Africa Has Nothing on the Southwest

Dec 7, 2010
Outside Magazine

IN RECENT YEARS, adventure travel outfitters have been scrambling to devise trips that meet our rapidly evolving tastes for fresh experiences. We want adrenaline (Class V whitewater!) but comfort (French wine). We want to be eco-sensitive (carbon offsets, biodiesel transport) and culturally sensitive (native guides, voluntourism) and, post-recession, we want affordability (more domestic itineraries). Now comes along an elegantly simple mashup of all these trends: the American safari.

EcoNewMexico (, based in Santa Fe, has begun developing a network of locally owned and managed tent camps and eco-lodges that will be run much like the classic African outposts. Native American guides will lead some of the tours of ancient ruins as well as horseback outings to spot New Mexico's version of the Big Five: mountain lions, bears, bison, gray wolves, and bighorn sheep. Other activities will include volunteer work with animals set to be reintroduced to the wild, fly-fishing for trout, and mountain biking.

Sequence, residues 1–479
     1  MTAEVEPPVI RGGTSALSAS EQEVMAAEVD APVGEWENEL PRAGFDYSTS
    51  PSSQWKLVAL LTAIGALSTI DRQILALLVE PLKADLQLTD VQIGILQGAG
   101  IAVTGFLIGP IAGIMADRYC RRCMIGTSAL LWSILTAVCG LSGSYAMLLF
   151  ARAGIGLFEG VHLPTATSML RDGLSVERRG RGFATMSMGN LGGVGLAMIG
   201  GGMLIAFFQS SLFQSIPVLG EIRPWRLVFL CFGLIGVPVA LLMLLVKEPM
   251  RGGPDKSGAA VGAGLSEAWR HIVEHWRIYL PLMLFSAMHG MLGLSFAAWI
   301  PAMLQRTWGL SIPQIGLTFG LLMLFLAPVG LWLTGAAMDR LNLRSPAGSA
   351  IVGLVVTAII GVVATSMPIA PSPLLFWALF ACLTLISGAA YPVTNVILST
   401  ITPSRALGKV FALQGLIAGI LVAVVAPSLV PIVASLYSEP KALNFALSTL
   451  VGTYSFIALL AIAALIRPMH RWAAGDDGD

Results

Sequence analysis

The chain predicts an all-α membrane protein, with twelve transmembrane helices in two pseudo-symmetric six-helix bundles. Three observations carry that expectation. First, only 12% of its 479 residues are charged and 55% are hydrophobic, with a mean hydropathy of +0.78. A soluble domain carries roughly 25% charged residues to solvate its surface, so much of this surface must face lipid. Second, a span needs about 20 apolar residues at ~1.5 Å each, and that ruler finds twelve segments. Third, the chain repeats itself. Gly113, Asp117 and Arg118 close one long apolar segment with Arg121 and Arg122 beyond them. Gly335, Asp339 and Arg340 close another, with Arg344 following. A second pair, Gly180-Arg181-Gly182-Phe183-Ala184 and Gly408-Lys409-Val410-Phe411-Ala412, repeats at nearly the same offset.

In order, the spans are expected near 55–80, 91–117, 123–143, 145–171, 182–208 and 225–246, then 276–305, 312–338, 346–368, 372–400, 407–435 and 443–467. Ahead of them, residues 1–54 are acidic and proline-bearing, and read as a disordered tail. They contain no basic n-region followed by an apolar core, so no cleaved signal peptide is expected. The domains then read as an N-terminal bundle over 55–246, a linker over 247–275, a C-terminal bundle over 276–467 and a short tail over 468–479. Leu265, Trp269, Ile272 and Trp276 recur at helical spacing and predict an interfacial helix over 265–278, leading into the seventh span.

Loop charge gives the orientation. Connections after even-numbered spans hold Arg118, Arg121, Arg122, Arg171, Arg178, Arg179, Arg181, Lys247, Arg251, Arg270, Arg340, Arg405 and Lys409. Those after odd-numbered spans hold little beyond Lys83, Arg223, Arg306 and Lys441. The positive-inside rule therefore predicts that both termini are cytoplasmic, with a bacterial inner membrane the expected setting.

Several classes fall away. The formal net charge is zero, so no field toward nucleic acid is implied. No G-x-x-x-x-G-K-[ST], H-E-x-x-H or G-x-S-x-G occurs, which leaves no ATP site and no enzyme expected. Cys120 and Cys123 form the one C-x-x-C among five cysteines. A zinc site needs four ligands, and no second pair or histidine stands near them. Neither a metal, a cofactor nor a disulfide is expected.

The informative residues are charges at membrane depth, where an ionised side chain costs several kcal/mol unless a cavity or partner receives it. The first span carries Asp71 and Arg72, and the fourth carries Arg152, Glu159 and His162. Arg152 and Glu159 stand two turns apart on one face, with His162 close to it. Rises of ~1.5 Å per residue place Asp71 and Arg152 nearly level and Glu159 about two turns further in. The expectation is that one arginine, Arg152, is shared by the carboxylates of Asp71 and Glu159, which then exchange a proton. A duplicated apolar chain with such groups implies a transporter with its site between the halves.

For EcoNewMexico co-founders Chip and Sandy Cunningham, who for 20 years have run trips in Africa with their company Uncharted Outposts, importing the safari concept has been a long-simmering vision. "We'd come back from Africa and ask, Why don't we do this here?" explains Sandy. The company got off the ground earlier this year and started offering its first tented trips this past August, with Silver City–based Great West Trail leading groups through the Gila and Aldo Leopold wildernesses.

"In the Southwest, we have these incredible places and animals that need preserving and guides who can bring it all to life," says Sandy. "But so few people really know about it."